ND Tribal Leaders Backing BLM's Flaring Rules
BISMARCK, N.D. - As federal regulators consider new rules to curb gas flaring at oil wells on public and tribal lands, North Dakotans are being asked to weigh in at public meeting in Dickinson today.
In January, the Bureau of Land Management proposed the new regulations.
This comes after years of outcry from tribal groups who argue that flaring excess gas is both an economic and environmental waste.
Joletta Bird Bear, interim director of Fort Berthold Protectors of Water and Earth Rights (POWER), is supporting the new rules.
"If we can curtail health impacts to our generation and those coming behind us, we need to do that," says Bird Bear. "If there is revenue that's going up in smoke, we need to stop that practice."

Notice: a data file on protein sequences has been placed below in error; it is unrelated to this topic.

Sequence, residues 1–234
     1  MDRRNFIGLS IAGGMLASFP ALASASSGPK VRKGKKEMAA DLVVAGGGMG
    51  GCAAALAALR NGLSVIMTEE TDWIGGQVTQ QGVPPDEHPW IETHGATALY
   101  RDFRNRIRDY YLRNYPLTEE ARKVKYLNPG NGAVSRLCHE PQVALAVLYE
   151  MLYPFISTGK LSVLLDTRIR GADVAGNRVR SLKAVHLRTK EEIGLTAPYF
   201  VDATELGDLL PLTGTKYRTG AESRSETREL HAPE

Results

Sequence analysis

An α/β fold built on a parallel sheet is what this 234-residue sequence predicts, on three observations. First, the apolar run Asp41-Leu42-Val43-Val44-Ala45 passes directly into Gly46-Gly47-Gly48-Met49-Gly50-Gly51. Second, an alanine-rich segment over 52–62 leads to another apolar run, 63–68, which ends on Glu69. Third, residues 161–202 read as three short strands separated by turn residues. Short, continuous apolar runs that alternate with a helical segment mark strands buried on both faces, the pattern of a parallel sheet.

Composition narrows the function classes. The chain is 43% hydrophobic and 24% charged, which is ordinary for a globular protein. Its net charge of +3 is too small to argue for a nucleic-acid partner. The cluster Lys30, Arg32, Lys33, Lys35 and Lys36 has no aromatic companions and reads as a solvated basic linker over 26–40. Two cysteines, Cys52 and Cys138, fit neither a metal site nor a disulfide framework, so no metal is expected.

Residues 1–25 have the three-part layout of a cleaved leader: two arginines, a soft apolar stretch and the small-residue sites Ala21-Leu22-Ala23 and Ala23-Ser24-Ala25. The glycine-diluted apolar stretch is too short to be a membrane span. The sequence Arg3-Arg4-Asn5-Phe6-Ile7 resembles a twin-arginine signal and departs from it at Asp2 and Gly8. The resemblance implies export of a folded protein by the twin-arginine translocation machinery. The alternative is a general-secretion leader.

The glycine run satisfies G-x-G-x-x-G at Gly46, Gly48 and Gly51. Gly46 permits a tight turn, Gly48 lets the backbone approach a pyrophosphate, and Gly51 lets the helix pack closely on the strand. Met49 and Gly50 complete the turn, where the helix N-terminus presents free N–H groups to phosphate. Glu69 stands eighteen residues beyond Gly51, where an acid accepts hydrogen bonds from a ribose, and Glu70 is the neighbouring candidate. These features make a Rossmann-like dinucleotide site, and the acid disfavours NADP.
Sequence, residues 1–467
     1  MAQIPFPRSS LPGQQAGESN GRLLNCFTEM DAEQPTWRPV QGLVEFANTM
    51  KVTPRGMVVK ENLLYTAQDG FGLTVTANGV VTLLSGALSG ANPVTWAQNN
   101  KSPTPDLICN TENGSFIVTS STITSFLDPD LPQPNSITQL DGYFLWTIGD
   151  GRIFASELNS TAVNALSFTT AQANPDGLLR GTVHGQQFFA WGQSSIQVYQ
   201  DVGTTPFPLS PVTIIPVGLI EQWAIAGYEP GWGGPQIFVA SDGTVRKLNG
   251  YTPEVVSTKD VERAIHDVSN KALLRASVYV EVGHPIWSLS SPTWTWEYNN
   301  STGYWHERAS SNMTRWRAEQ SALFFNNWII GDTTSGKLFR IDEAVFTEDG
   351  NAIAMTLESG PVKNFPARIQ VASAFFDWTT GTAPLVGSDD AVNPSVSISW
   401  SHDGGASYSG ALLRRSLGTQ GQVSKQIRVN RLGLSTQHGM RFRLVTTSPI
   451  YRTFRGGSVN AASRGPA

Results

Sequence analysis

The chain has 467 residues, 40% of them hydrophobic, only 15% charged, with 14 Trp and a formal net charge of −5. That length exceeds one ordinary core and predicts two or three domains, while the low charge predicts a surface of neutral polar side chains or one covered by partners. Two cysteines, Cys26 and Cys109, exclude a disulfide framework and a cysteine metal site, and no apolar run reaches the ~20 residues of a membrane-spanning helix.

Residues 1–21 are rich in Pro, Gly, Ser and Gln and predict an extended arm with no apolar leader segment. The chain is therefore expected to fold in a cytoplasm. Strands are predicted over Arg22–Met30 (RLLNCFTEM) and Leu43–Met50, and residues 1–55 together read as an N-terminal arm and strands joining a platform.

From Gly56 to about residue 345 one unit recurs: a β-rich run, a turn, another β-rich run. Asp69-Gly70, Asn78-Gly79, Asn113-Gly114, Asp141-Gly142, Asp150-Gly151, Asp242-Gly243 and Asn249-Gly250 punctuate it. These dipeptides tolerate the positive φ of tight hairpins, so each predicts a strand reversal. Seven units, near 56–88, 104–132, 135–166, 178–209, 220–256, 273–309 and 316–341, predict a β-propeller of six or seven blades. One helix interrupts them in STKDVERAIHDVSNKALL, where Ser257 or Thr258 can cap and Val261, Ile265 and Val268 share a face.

She says the BLM's new rules will ensure that tribal land owners will be compensated for gas that is burned off. Opponents, including the American Petroleum Institute, say the tighter regulations could drive oil producers off federal lands.
The BLM reports that natural-gas flaring shot up more than 100 percent from 2009 to 2014, which was enough to power more than five million homes for a year.
Bird Bear says tribal governments also have lost out on at least $65 million in royalties, which could be reinvested in those communities.
"Our road systems have taken just tremendous degradation because of the heavy oil traffic," she says. "So, those road systems really would benefit from additional revenue from the BLM revision."
The public comment period on the BLM's new flaring rules lasts until April 8.
A final version is expected before the end of the year.